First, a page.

Nasa's Advanced Air Transport Technology Project (AATT) is working on an "aviation renaissance" under the New Aviation Horizons initiative, which will see aircrafts of the future being less noisy, with smaller engines, hybrid technology, electrical propulsion.
Propulsion is one of the areas in which aircrafts will see major transformation, says a report by Nasa. The agency's Glenn Research Center in Cleveland is working on a type of propulsion system using boundary-layer ingesting (BLI). BLI is a system where slow air along the fuselage of an aircraft is sucked in by an engine mounted on its rear, increasing its efficiency.
Called the "single-aisle turboelectric aircraft with an aft boundary-layer propulsor" or STARC-ABL, the concept is one of the few that are being considered for development and testing, according to the report. It looks like a standard "tube-and-wing aircraft", but with additional turboelectric propulsion of up to 3 megawatts.
That means the aircraft will look like a Boeing 737, but will have smaller, wing-mounted gas turbines. The aircraft will also have a horizontal tip on its tail, giving it a T-tail look and a BLI engine at its rear for added thrust that is run entirely on electricity generated at the wings through mounted generators.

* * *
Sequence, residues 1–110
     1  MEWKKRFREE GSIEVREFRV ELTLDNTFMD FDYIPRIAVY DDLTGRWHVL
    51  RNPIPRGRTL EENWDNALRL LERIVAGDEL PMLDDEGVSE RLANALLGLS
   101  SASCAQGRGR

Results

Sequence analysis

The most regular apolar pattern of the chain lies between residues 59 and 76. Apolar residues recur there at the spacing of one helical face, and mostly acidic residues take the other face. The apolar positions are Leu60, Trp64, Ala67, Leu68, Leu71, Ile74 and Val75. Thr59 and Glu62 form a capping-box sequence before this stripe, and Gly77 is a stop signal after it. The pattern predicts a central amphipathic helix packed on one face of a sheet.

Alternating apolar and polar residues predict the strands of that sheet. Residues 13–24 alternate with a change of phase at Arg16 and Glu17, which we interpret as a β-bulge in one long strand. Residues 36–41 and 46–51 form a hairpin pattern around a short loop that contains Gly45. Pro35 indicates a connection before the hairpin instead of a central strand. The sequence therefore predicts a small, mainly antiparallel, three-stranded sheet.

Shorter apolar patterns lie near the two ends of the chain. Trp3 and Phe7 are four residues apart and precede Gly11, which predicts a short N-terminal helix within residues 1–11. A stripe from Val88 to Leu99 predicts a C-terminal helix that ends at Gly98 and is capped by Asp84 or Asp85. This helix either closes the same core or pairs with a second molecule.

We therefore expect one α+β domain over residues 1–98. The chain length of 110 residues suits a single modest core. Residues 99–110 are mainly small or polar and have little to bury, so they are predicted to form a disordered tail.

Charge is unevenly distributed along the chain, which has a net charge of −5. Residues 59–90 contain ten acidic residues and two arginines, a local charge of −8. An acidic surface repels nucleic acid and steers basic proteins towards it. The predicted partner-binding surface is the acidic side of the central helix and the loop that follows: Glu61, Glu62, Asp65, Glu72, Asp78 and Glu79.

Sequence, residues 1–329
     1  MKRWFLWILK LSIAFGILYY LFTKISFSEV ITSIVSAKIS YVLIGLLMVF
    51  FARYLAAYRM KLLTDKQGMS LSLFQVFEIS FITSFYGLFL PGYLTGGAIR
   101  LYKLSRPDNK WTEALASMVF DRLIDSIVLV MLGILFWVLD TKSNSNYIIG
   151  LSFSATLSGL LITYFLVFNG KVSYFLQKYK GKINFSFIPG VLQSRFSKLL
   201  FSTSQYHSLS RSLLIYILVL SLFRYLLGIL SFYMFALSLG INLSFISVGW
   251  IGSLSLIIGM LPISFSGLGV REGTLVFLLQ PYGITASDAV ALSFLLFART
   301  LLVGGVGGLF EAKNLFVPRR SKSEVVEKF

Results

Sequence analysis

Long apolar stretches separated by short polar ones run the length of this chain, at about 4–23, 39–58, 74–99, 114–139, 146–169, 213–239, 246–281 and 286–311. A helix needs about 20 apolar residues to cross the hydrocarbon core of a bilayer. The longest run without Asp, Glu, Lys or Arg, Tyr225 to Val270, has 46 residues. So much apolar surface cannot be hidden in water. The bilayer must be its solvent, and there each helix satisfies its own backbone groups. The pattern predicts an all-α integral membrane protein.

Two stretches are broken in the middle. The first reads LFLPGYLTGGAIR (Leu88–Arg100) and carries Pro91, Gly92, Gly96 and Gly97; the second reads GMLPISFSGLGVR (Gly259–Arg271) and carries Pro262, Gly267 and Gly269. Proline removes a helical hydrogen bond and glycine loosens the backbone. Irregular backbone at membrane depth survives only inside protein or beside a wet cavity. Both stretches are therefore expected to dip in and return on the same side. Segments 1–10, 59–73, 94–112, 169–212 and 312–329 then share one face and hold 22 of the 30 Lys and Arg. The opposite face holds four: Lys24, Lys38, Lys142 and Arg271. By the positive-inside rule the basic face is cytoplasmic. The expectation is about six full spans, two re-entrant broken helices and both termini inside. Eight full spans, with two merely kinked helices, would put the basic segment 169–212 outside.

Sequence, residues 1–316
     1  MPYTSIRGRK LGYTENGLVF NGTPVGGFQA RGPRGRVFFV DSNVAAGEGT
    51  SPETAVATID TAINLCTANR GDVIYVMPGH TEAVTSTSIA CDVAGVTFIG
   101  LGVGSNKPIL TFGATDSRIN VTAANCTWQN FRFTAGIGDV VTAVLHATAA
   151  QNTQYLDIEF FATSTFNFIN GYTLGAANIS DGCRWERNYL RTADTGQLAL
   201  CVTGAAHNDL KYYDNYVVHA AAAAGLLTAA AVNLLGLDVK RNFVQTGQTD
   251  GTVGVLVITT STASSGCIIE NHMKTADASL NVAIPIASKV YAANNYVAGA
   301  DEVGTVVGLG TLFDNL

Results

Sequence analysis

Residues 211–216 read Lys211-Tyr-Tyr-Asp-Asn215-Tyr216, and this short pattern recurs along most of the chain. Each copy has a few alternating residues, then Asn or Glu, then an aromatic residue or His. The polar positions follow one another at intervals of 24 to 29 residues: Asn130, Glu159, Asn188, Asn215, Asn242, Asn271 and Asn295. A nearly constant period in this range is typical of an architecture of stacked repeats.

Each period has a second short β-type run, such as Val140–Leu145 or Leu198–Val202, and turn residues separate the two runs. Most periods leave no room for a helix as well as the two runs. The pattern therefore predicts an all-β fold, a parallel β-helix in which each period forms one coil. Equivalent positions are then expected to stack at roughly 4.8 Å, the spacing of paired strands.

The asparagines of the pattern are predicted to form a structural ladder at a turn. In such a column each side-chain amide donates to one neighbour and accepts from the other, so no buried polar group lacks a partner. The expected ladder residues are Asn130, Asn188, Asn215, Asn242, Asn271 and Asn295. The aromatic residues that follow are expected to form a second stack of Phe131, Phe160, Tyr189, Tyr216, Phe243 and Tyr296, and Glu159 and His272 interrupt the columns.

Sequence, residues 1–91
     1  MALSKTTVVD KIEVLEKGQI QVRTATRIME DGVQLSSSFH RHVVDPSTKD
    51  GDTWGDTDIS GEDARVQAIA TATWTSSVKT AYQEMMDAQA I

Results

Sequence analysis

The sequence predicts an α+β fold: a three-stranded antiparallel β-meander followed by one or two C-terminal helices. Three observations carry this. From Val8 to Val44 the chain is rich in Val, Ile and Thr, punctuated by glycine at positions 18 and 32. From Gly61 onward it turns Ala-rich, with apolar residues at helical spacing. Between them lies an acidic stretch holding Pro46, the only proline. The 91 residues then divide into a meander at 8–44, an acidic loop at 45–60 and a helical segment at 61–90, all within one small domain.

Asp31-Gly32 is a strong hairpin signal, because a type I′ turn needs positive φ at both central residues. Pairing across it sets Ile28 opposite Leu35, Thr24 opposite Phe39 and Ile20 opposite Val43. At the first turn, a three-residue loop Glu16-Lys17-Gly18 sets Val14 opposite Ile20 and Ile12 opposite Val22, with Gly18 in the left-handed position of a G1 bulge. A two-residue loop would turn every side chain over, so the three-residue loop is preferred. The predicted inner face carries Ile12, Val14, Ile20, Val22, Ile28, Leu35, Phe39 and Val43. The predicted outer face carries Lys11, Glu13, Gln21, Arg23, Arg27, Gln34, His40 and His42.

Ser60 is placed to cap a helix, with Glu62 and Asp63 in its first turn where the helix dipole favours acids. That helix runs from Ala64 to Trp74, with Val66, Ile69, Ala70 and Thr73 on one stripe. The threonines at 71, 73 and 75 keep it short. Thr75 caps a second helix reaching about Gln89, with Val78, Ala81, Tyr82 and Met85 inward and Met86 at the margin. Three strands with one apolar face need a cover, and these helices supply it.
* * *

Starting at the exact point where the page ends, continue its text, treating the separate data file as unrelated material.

In this design, wing-mounted engines will provide 80% of the thrust at take-off and 55% thrust at cruising altitudes; remaining thrust will come from the BLI. What they have planned is essentially a hybrid plane with an electric engine that provides additional thrust. Nasa has said that researchers predict a 10% improvement in fuel efficiency with this design.
"We believe global competition and international certification standards will drive reduced fuel consumption and more efficient aircraft and propulsion concepts that may use cleaner forms of energy," said Jim Heidmann, manager of AATT.
Later this year, Nasa will be running tests and conducting studies on the viability of the STARC system at Nasa's Electric Aircraft Testbed (NEAT). The challenges that the team will still have to overcome range from how to balance aerodynamic efficiency and how to compensate for additional weight from the electric engine, to meeting safety and operational standards.
Nasa says that the development of technology enabled by the New Aviation Horizons will be proven in piloted flights within the next decade or so.